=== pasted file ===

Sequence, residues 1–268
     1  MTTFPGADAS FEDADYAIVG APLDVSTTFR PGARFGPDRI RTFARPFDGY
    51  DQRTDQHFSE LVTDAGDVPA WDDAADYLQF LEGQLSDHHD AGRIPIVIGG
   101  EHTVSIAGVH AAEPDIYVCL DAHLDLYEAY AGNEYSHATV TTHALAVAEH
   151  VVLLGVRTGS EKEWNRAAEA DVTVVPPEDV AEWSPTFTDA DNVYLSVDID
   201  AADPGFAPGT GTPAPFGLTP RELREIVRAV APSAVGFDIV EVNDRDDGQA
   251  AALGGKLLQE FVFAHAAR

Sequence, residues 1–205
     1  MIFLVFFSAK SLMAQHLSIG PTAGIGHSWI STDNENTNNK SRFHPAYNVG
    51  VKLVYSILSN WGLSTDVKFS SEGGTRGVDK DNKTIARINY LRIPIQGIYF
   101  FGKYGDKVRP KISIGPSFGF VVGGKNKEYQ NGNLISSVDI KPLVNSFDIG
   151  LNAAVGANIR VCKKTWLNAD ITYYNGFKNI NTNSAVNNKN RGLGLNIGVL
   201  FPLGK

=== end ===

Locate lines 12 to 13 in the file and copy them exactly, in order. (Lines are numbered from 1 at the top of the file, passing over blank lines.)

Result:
   151  LNAAVGANIR VCKKTWLNAD ITYYNGFKNI NTNSAVNNKN RGLGLNIGVL
   201  FPLGK